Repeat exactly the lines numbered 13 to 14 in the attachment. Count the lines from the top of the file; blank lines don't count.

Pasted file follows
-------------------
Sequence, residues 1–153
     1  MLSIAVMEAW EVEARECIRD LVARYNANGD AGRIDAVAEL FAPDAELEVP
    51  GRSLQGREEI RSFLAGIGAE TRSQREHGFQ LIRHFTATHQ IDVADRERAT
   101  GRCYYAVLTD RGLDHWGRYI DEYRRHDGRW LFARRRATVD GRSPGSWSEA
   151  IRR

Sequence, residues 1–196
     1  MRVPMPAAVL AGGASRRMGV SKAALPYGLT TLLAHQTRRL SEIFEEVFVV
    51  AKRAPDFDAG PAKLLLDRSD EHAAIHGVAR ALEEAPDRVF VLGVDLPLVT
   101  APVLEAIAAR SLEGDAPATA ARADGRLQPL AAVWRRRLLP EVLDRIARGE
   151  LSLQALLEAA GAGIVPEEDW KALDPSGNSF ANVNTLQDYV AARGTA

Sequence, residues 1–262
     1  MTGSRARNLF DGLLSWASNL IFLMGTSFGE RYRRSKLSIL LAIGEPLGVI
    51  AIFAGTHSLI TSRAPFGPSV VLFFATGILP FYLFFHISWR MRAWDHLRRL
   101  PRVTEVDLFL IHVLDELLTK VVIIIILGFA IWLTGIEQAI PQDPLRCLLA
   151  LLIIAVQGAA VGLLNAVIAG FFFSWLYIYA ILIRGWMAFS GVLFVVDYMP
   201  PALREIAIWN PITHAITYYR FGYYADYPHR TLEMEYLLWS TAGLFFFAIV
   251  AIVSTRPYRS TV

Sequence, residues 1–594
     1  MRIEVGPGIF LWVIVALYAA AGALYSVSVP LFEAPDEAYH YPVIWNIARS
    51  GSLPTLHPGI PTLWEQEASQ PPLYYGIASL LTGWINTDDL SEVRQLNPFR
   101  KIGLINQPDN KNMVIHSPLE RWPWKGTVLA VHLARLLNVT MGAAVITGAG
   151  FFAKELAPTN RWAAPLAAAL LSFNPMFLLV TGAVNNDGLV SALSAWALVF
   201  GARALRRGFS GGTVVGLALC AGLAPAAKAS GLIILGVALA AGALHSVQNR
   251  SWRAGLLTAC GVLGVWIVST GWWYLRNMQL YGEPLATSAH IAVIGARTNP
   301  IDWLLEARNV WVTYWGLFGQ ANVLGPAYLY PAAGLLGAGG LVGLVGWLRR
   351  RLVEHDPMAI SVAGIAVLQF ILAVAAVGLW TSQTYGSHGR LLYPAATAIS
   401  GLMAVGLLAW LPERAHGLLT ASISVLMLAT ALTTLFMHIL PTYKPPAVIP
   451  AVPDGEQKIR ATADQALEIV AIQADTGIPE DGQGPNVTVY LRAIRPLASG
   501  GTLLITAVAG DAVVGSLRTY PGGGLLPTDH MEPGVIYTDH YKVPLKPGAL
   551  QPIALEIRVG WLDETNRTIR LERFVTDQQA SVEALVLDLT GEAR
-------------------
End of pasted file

    51  AIFAGTHSLI TSRAPFGPSV VLFFATGILP FYLFFHISWR MRAWDHLRRL
   101  PRVTEVDLFL IHVLDELLTK VVIIIILGFA IWLTGIEQAI PQDPLRCLLA